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Date: Sat, 26 Jul 2014 14:23:48 -0400
From: Rich Felker <>
Subject: Re: Locale bikeshed time

On Sat, Jul 26, 2014 at 07:47:06PM +0200, Szabolcs Nagy wrote:
> * <> [2014-07-26 11:38:05 +0200]:
> > On Sat, Jul 26, 2014 at 04:03:27AM -0400, Rich Felker wrote:
> > > Well, 2/3 of the world's population is in India and China and they all
> > > use ".", so I think that pretty much covers the question of which is
> > > "more widely used".
> > 
> > Ah indeed. That's a sufficient evidence.
> > 
> world is about 7G
> india+china is about 2.5G
> that looks closer to 1/3 than to 2/3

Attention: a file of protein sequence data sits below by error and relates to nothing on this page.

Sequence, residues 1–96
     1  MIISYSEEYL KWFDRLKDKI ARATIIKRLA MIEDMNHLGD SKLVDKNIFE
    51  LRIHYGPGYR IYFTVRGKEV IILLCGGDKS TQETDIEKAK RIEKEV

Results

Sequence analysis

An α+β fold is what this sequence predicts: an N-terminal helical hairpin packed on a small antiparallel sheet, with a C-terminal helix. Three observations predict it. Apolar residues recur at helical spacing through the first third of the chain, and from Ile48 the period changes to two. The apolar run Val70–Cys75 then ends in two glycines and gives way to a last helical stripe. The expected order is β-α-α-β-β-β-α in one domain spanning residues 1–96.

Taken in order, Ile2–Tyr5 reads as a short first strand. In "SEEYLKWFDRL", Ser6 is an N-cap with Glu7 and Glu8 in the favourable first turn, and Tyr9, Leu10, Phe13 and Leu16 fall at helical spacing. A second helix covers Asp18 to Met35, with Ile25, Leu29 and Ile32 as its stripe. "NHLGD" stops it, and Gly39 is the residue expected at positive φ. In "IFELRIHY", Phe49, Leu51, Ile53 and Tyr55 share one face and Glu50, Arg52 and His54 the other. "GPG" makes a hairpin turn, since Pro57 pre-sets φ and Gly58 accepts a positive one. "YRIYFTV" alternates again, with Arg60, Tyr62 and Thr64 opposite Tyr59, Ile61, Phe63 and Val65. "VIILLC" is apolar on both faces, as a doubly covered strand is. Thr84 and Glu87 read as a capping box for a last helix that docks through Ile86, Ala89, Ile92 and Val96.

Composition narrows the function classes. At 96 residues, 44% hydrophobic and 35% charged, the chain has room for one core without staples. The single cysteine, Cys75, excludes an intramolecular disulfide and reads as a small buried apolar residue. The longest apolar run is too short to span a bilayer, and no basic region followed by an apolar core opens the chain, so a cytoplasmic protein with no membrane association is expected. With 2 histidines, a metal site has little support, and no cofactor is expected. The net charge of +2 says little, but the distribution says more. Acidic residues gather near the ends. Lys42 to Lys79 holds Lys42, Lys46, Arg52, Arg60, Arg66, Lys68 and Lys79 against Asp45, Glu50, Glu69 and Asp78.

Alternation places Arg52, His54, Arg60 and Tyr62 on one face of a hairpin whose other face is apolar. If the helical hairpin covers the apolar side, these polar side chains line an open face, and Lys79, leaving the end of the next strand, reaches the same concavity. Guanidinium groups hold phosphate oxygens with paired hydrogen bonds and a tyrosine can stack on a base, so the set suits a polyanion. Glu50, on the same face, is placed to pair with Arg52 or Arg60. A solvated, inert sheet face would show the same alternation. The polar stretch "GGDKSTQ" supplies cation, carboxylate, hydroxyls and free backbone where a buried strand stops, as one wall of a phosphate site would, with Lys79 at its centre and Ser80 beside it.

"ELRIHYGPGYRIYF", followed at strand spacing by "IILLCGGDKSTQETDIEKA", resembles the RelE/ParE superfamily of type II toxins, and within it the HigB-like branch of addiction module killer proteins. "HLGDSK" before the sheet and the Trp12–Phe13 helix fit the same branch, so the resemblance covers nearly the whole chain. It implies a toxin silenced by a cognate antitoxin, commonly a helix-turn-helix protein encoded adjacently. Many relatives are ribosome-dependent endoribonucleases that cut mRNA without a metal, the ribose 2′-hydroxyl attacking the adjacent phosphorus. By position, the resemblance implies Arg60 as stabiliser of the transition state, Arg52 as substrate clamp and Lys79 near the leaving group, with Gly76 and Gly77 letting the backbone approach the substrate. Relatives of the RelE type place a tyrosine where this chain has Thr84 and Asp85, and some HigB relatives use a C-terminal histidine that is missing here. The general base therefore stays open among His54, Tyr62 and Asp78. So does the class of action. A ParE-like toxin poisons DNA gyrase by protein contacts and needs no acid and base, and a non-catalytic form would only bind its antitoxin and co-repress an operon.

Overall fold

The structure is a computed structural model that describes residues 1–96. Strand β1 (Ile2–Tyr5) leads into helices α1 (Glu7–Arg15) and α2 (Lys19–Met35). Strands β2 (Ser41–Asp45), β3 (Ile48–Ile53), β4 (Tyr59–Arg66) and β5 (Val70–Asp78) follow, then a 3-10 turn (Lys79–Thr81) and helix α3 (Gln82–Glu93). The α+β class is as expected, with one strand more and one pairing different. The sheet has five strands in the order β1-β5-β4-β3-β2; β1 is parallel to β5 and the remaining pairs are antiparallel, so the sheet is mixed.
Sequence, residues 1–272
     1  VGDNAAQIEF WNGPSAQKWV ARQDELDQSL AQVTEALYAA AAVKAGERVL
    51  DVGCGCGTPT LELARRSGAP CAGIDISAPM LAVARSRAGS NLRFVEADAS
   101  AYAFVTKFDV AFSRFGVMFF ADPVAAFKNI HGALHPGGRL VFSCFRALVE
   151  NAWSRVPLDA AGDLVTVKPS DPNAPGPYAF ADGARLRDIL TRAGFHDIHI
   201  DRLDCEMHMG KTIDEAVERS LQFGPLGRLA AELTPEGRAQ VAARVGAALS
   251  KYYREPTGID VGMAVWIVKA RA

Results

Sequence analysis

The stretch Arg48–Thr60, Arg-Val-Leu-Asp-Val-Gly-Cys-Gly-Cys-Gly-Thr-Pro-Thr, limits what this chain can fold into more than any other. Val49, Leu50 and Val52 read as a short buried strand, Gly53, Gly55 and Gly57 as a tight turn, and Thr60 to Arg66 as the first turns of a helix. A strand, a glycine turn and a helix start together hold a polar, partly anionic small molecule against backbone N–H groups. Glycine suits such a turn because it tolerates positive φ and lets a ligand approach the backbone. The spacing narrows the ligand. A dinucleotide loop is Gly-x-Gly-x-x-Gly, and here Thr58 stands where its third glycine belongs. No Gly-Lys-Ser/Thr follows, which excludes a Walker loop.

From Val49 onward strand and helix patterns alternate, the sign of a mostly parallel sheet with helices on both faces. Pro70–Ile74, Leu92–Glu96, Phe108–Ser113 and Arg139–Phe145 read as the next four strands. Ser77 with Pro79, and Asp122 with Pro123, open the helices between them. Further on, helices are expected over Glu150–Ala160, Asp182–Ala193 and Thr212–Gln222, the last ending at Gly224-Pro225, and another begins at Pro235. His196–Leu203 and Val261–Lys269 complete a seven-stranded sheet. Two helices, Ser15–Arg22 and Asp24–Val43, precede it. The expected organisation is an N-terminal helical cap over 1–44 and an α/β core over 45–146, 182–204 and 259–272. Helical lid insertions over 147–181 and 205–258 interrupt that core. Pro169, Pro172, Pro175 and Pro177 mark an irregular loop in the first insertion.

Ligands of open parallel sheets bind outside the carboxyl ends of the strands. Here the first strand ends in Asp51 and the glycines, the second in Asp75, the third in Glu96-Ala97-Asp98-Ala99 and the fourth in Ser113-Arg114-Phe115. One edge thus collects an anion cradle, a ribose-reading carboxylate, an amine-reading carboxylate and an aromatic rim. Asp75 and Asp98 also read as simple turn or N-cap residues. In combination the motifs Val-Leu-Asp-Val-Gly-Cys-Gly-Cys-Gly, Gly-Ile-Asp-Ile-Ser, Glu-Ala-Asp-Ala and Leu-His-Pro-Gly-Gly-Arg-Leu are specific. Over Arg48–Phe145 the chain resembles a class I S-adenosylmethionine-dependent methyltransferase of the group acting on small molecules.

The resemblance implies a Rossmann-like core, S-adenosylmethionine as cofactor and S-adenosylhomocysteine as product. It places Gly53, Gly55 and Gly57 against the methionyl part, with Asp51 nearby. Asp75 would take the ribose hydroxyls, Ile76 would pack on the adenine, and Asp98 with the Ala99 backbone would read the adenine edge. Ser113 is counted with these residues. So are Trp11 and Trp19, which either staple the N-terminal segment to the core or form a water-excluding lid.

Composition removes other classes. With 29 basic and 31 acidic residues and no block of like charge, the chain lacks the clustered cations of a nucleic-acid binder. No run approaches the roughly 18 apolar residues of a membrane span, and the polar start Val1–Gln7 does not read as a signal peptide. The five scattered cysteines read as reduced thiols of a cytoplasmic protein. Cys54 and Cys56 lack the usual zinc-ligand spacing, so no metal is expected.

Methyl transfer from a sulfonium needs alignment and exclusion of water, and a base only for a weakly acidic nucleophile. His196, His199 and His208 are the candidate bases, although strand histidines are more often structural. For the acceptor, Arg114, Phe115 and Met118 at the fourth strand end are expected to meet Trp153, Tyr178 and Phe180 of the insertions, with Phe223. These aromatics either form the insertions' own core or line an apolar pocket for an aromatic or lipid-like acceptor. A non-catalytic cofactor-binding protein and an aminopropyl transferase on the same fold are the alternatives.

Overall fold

Yes, sorry; I was thinking both were already closer to 2G and was
using an old idea (closer to 6G) for world population. So some more
work would be needed to get a good estimate.

> but using anything other than '.' as the decimal point is broken

Agreed. BTW if you support arbitrary radix characters, you should not
restrict it to ASCII; this then means the length in bytes of floating
point fields varies by locale (currently the only printf specifier
where either the contents OR length vary by locale is the nonstandard
one, %m) which affects asprintf (right now it's "broken" if it races
with setlocale and the format includes %m; I don't know if we care)
and the implementation of a lot of other stuff (like wprintf).


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